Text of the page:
Pilate As A Positive Figure In The Bible

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The Bible is interpreted in many different ways. Depending on who wrote the chapter, when the story was written, and it depends on the person who is reading the story. All of these factors contribute to how we read the Bible. Depending on the context of the situation, Pilate may be portrayed as a negative, neutral, or positive figure in the Bible. Warrens Carter’s book, Pontius Pilate: Portraits of a Roman Governor, states,” Gundry sees the first sign of this Christianizing in Matthew’s presentation when Pilate asks the crowd if they want to release ‘Jesus Barabbas or Jesus who is called the Christ?’ (Carter 9).” This source claims that Pilate is one of the first Christians and makes an effort to save Jesus from being crucified. I argue that Pilate is seen as a negative figure in the Bible because The standard way of thinking about Pilate’s role as a figure in the Bible has it that Pilate is seen as a positive figure. Pilate is the governor and holds most of the power, he is aware of Jesus’s innocence before crucifying him, and he is naïve to think that his hands are cleaned of Jesus’s blood.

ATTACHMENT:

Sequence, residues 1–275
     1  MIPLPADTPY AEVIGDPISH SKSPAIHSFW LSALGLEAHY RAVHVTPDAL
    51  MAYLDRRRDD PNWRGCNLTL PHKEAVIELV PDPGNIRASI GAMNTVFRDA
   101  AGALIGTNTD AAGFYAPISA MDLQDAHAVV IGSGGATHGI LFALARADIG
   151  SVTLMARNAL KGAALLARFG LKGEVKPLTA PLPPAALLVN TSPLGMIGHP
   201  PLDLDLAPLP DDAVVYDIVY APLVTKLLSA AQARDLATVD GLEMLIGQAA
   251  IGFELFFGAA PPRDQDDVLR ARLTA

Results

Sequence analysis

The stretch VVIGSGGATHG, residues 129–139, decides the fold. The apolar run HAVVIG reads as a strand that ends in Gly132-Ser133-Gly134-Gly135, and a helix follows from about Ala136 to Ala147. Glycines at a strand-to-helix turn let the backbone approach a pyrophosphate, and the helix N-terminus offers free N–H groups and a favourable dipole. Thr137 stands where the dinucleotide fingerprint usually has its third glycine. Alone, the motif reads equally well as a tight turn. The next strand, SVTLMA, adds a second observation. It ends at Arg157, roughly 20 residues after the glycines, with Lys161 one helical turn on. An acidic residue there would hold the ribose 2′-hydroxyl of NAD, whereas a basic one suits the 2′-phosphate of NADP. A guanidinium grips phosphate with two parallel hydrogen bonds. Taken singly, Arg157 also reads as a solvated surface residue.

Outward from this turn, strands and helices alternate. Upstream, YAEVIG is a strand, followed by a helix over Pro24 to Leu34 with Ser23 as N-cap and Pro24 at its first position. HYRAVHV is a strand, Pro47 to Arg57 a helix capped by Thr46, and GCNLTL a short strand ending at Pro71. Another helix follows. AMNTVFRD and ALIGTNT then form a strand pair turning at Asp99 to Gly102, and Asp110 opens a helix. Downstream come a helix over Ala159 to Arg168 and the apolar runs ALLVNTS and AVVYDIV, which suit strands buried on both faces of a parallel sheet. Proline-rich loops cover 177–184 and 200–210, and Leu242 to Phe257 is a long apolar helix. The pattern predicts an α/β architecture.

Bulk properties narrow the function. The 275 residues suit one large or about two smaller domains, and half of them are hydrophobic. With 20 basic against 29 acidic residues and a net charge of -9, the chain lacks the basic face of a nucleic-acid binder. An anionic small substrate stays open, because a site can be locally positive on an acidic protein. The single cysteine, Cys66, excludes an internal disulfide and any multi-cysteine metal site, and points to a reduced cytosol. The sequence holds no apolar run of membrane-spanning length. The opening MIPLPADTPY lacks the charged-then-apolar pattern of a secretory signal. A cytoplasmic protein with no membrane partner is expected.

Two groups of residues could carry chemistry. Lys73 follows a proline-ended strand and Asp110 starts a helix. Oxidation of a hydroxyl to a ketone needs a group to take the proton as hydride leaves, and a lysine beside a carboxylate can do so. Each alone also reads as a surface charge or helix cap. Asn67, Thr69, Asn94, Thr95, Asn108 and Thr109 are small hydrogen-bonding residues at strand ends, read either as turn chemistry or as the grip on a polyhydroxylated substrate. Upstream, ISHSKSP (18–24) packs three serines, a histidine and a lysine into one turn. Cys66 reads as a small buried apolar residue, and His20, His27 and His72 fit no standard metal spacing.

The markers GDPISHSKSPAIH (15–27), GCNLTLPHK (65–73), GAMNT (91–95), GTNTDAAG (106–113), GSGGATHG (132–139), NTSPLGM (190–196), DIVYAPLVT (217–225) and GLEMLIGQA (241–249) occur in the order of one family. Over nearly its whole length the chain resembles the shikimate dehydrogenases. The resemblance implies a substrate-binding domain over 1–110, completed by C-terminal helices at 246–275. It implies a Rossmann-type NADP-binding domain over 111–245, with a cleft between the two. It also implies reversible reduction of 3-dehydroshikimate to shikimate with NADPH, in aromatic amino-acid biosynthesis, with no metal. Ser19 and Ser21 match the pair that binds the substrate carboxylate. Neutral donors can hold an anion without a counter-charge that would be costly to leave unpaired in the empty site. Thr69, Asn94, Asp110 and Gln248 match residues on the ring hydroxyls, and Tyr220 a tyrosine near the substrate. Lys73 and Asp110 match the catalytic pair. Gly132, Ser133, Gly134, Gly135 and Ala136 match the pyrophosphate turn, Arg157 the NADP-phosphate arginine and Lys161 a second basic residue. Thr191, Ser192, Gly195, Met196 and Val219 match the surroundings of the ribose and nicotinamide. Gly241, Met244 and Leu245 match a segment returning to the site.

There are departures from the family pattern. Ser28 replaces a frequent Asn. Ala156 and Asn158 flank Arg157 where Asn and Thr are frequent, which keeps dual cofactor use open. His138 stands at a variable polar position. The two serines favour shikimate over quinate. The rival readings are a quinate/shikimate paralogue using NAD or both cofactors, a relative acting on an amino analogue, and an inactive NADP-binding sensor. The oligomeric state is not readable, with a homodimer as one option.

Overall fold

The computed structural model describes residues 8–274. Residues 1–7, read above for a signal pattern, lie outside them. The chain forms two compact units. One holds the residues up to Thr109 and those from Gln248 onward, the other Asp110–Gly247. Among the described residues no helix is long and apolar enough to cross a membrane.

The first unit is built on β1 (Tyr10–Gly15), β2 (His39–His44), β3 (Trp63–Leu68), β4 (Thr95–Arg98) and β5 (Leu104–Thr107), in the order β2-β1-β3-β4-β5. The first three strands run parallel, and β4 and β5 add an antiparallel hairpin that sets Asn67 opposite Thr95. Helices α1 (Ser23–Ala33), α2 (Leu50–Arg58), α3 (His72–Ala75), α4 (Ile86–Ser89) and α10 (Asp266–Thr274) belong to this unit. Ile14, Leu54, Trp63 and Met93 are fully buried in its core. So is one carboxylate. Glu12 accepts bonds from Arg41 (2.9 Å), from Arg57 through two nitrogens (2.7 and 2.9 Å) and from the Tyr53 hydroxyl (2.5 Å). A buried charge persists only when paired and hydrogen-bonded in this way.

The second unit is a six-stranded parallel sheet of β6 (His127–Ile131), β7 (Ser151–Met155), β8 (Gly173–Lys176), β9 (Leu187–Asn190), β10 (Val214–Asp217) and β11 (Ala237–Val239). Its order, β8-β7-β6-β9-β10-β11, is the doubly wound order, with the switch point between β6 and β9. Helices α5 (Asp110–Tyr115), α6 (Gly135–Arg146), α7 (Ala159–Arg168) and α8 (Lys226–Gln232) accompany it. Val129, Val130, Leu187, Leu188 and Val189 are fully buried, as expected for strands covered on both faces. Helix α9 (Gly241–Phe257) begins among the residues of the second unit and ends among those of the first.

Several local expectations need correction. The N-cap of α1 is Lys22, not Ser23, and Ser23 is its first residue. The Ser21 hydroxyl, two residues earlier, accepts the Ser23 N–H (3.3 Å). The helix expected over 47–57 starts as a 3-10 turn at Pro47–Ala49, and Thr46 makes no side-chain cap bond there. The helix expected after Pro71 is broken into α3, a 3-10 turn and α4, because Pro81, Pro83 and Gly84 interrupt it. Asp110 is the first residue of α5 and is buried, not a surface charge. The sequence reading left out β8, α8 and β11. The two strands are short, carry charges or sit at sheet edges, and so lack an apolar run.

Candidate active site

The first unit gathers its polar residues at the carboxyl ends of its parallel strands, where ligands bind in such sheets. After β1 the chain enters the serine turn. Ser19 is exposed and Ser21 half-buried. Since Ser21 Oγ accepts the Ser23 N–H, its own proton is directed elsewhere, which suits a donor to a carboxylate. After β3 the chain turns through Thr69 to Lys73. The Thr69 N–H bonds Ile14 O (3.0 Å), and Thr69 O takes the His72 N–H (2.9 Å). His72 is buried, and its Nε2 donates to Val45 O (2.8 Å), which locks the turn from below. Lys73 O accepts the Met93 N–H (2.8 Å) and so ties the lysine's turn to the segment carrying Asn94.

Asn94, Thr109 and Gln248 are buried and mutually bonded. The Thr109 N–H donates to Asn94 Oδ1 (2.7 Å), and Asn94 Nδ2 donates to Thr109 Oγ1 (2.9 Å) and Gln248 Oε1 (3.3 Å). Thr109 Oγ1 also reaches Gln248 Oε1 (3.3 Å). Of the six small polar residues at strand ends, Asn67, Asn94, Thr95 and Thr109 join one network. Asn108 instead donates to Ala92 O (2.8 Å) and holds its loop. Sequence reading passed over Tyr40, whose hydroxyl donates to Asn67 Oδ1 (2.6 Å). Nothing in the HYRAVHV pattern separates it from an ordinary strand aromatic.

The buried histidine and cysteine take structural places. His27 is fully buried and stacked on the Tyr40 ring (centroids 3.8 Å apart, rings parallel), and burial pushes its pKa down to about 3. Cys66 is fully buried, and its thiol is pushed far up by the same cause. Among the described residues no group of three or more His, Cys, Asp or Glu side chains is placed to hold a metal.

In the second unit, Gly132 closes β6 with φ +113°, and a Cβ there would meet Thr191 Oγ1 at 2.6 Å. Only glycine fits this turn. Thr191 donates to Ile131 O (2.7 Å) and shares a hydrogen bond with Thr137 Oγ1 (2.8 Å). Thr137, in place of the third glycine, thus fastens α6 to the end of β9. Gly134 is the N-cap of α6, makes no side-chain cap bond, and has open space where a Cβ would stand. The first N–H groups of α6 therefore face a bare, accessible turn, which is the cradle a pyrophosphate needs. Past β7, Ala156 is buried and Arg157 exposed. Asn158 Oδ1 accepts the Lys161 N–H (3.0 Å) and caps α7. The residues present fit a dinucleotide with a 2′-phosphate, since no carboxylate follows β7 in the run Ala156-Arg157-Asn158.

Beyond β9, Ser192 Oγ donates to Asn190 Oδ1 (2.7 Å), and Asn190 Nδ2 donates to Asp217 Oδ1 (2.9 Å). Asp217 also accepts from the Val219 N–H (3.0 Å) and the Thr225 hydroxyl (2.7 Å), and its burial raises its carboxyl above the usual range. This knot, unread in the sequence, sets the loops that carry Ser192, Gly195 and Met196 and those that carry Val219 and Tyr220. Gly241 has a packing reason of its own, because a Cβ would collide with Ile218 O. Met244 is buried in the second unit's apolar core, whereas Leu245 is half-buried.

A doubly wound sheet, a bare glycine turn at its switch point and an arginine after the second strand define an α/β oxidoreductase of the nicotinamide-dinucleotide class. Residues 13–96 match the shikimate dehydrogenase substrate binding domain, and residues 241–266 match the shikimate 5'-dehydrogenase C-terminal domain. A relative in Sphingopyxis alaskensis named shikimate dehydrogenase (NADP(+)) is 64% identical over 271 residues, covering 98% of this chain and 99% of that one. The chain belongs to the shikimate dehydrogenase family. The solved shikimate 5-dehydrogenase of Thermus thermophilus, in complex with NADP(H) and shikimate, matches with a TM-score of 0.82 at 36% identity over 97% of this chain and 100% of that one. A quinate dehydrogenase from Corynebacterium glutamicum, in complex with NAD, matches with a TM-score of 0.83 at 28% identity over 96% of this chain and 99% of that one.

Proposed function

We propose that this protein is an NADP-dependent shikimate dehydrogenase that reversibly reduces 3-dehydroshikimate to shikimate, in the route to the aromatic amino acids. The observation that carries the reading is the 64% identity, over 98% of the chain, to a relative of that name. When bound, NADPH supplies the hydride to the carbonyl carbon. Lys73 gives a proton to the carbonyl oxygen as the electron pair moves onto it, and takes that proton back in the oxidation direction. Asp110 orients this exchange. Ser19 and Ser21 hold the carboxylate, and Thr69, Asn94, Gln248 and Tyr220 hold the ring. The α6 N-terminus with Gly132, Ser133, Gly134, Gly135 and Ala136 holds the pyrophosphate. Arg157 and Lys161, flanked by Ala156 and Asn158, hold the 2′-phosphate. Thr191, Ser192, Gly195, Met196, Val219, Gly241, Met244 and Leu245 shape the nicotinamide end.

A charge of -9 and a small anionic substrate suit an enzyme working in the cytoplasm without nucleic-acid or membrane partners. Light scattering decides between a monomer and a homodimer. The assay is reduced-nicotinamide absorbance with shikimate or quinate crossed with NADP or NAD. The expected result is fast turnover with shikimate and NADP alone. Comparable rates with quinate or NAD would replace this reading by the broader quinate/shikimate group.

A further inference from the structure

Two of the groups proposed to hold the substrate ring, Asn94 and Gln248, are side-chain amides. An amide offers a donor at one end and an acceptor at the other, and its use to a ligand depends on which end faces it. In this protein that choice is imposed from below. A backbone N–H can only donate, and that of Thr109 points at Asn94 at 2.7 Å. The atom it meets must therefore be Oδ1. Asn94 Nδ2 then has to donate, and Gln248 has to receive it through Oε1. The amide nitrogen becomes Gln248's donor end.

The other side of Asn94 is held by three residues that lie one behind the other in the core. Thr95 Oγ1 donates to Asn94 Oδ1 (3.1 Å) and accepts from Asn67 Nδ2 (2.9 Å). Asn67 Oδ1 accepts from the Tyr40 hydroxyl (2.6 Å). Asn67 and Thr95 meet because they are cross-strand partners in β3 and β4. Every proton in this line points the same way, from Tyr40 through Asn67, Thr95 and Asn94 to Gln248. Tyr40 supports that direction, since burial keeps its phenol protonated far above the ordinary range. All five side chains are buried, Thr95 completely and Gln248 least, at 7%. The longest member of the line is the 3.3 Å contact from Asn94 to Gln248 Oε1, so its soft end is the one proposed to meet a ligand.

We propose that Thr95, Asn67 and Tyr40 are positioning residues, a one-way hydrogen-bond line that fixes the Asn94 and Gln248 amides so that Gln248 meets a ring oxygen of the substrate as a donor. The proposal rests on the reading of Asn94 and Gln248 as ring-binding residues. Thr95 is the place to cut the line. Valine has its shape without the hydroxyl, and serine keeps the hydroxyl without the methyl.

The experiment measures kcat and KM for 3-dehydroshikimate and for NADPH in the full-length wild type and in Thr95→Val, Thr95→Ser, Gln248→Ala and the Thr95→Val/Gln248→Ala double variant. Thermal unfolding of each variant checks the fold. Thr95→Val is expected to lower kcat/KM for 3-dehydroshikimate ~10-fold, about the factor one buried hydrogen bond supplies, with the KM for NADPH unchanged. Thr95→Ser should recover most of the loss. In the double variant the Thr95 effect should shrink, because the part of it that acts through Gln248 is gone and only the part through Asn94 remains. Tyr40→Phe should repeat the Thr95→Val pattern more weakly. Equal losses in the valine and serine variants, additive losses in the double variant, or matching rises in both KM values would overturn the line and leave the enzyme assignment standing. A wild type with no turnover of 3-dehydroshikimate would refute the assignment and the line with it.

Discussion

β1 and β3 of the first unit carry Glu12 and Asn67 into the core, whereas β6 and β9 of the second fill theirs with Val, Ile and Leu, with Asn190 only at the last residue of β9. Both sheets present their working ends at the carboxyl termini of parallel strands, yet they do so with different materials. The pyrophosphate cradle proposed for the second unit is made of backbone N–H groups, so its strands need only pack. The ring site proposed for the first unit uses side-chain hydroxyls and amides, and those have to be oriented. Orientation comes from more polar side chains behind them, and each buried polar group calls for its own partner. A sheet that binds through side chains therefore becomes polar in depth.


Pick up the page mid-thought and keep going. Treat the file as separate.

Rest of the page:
Pilate is seen as a negative character because of many different reasons. Pilate is not a normal citizen of Judaea; he was the governor. He had the power to approve or disapprove any decision the city wanted to make. Some sources claim that Pilate did not want to start a riot or that he fell into peer pressure, but a strong leader should have been able to stand up for the right
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